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How Halloween is casting a spell over autumn drinks campaigns

Somehow, without seemingly any referendum or other official push, Halloween has become a cultural and commercial phenomenon in the UK over the past 10 years. Such “hook” events inevitably attract a flurry of seasonal products, and it seems this year that the drinks trade in the UK has launched itself into Halloween marketing with spectacular enthusiasm.

Take the ‘Evil Spirit Gin’, available on the cards and gifts website It turns out to be bottle of ominously green coloured spirit, distilled, we are told, in England’s “most haunted” village and then, for good measure it seems, “cursed by a witch under the October full moon”. Such inauspicious production methods apparently haven’t stopped the apple and mint flavoured gin from selling its entire stock on the Moonpig website.

sTARBUCKS 300x300 - Marketing horrorAt this time of year when the chill in the air just starts to bite, us Millennials usually turn to our pumpkin spiced lattes for warmth. But amid an unseasonably warm October, and in the spirit of “Halloween as a thing”,  we can instead visit our local Starbucks and instead pick up a Zombie Frappucino, with hints of apple and caramel.

Strongbow has taken the time-honoured holiday tradition of bad puns* to its natural conclusion, launching a ‘Carnevil’ campaign. While lucky drinkers might score themselves a trip to New Orleans for Mardi Gras, British publicans have been offered something a bit more grounded: themed POS kits designed to help licensees make their own “theatre of horrors”. replete with garish posters, cobwebs and incentives for bar staff to dress at their most repulsive.

Strongbow 300x300 - Marketing horrorFor those less willing to put in the effort, a quick repackaging can work wonders. Mast-Jagermeister are touting 10,000 tiny 2cl bottles for online retailers and the on-trade with four mythical creatures slapped on the label. Fanta have also upped their production of 150ml multipacks with Halloween imagery designed by artist Noma Bar. Both campaigns are supported by digital collateral such as spooky music, animations and videos in order to enage the younger generation. According to Simon Harrison, customer marketing director GB at Coca-Cola European Partners: “Halloween is now the fourth biggest retail event in Great Britain and represents a huge opportunity for retailers and brands alike.”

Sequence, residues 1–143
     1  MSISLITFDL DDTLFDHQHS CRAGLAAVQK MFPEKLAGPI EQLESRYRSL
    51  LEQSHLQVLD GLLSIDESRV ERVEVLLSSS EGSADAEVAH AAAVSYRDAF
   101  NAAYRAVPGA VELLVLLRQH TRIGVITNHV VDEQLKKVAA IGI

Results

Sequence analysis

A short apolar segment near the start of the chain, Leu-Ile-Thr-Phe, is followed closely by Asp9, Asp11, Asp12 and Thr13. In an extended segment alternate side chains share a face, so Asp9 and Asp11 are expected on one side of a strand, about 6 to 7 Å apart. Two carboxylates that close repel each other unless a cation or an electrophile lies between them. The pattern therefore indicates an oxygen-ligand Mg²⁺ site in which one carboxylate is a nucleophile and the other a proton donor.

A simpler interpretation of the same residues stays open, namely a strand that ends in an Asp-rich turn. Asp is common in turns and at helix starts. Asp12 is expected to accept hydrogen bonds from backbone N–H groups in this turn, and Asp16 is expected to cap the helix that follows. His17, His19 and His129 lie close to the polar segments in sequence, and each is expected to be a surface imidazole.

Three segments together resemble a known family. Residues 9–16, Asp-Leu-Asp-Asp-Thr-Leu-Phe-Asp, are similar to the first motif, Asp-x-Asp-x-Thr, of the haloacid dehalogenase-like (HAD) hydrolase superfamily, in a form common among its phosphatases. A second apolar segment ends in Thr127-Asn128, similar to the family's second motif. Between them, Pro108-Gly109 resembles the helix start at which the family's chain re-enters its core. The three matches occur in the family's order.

So far at least, wine appears less prone to hokey commercialisation and seasonal branding. While some wines might have naturally spooky names – the Bogle Phantom and d’Arenberg’s The Witches Berry come time mind – the traditional Halloween audience tends to eschew the wine category in favour of sweet, candy flavoured cocktails (and actual candy). But it can only be a matter of time before the marketing magnet that is Halloween draws the wine category into its orbit. WereWolf Blass, anyone?

* Here are some we made earlier: Vampari, Côte de Bones, Mournington Peninsula, Franciacorta Satan and (of course) Graves.

Author: James Wainscott